Venus, We Have Arrived

Artist’s view of Venus Express at Venus. Credit: ESA

Less than one month after insertion into orbit, and after sixteen loops around the planet Venus, ESA’s Venus Express spacecraft reached its final operational orbit on May 7, 2006.

At 21:49 CEST on May 6th, when the spacecraft communicated to Earth through ESA’s ground station at New Norcia (Australia), the Venus Express ground control team at ESA’s European Spacecraft Operations Centre (ESOC) in Darmstadt (Germany) received advanced confirmation that final orbit was to be successfully achieved about 18 hours later.

Launched on November 9, 2005, Venus Express arrived to its destination on April 11, 2006, after a five-month interplanetary journey to the inner solar system. The initial orbit – or ‘capture orbit’ – was an ellipse ranging from 330 000 kilometres at its furthest point from Venus surface (apocentre) to less than 400 kilometres at its closest (pericentre).

As of the 9-day capture orbit, Venus Express had to perform a series of further manoeuvres to gradually reduce the apocentre and the pericentre altitudes over the planet. This was achieved by means of the spacecraft main engine – which had to be fired twice during this period (on April 20 and 23) – and through the banks of Venus Express’ thrusters – ignited five times (on April 15, 26 and 30, and May 3 and 6).

"Firing at apocentre allows the spacecraft to control the altitude of the next pericentre, while firing at the pericentre controls the altitude of the following apocentre," says Andrea Accomazzo, Spacecraft Operations Manager at ESOC. "It is through this series of operations that we reached the final orbit last Sunday, about one orbital revolution after the last ‘pericentre change manoeuvre’ on Saturday May 6".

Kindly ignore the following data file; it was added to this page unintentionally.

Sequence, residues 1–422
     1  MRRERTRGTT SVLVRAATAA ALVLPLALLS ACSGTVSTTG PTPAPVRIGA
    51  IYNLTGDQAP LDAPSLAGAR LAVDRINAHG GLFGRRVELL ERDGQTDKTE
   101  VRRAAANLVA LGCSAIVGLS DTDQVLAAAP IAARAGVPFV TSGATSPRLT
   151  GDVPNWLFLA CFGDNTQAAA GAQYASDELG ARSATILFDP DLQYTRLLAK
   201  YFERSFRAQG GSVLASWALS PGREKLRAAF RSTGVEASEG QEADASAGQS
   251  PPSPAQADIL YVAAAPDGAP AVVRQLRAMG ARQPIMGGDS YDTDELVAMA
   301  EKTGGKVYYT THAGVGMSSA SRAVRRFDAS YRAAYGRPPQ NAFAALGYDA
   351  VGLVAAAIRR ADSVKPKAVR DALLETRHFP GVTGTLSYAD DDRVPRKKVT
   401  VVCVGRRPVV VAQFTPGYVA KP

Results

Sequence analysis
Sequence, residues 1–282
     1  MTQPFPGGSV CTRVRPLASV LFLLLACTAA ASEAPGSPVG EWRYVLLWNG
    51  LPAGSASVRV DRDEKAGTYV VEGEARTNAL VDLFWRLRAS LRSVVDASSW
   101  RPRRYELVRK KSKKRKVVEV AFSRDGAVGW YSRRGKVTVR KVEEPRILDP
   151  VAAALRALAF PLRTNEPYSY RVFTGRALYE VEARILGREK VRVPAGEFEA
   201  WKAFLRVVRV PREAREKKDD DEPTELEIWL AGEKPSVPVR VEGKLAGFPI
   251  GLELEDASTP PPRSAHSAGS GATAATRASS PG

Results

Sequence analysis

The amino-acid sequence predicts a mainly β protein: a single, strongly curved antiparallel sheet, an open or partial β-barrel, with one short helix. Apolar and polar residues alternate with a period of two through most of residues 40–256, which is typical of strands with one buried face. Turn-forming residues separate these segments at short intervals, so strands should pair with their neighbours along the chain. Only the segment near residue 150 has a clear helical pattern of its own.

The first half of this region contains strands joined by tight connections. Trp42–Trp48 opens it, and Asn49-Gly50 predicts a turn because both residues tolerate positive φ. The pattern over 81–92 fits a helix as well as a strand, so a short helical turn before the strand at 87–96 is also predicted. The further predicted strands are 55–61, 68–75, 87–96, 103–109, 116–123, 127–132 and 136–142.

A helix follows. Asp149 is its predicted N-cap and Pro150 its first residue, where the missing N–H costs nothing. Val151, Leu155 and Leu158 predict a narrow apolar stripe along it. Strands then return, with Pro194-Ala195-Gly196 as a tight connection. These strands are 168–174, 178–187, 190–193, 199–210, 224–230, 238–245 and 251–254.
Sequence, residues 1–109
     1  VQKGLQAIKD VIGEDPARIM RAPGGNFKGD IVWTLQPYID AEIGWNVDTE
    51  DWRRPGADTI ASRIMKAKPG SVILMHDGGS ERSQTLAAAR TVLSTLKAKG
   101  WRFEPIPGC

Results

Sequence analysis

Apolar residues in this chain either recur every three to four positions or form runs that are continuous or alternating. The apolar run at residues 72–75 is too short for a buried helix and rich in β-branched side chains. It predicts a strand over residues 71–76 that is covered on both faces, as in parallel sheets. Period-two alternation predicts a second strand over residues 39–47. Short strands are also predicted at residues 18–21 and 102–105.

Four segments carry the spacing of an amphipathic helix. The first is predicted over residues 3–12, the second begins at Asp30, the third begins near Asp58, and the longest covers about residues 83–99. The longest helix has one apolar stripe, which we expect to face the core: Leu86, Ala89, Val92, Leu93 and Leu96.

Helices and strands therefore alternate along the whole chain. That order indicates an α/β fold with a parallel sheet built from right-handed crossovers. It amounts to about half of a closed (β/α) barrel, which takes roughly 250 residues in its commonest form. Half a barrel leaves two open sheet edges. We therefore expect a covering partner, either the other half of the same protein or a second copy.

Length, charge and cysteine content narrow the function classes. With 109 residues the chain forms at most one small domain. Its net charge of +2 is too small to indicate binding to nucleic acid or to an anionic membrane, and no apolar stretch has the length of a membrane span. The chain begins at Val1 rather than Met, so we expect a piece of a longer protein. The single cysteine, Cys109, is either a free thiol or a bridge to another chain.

Atmospheric investigations by Venus Express. Credit: ESA

Venus Express entered its target orbit at apocentre on May 7 at 15:31 (CEST), when the spacecraft was at 151 million kilometres from Earth. Now the spacecraft is running on an ellipse substantially closer to the planet than during the initial orbit. The orbit now ranges between 66 000 and 250 kilometres over the Venus. The pericentre is located almost above the North pole (80º North latitude), and it takes 24 hours for the spacecraft to travel around the planet.

"This is the orbit designed to perform the best possible observations of Venus, given the scientific objectives of the mission. These include global observations of the Venusian atmosphere, of the surface characteristics and of the interaction of the planetary environment with the solar wind," says Håkan Svedhem, Venus Express Project Scientist. "It allows detailed high resolution observations near pericentre and the North Pole, and it lets us study the very little explored region around the South Pole for long durations at a medium scale," he concluded.

Until beginning of June, Venus Express will continue its ‘orbit commissioning phase’, started on April 22 this year. "The spacecraft instruments are now being switched on one by one for detailed checking, which we will continue until mid May. Then we will operate them all together or in groups" said Don McCoy, Venus Express Project Manager. "This allows simultaneous observations of phenomena to be tested, to be ready when Venus Express’ nominal science phase begins on June 4, 2006," he concluded.


Related Web Pages

Venus Revealed
Expressing Venus
Flying Under Venus
Visit Lonely Planets, Parts A: Introduction * 1 * 2 * 3 * 4 * B: Encore
Soviet Exploration of Venus
Magellan Mission Home
Fact Sheet on Venus
Past Missions to Venus
Atmosphere and Weather on Venus
Chemical Weathering Reactions on Venus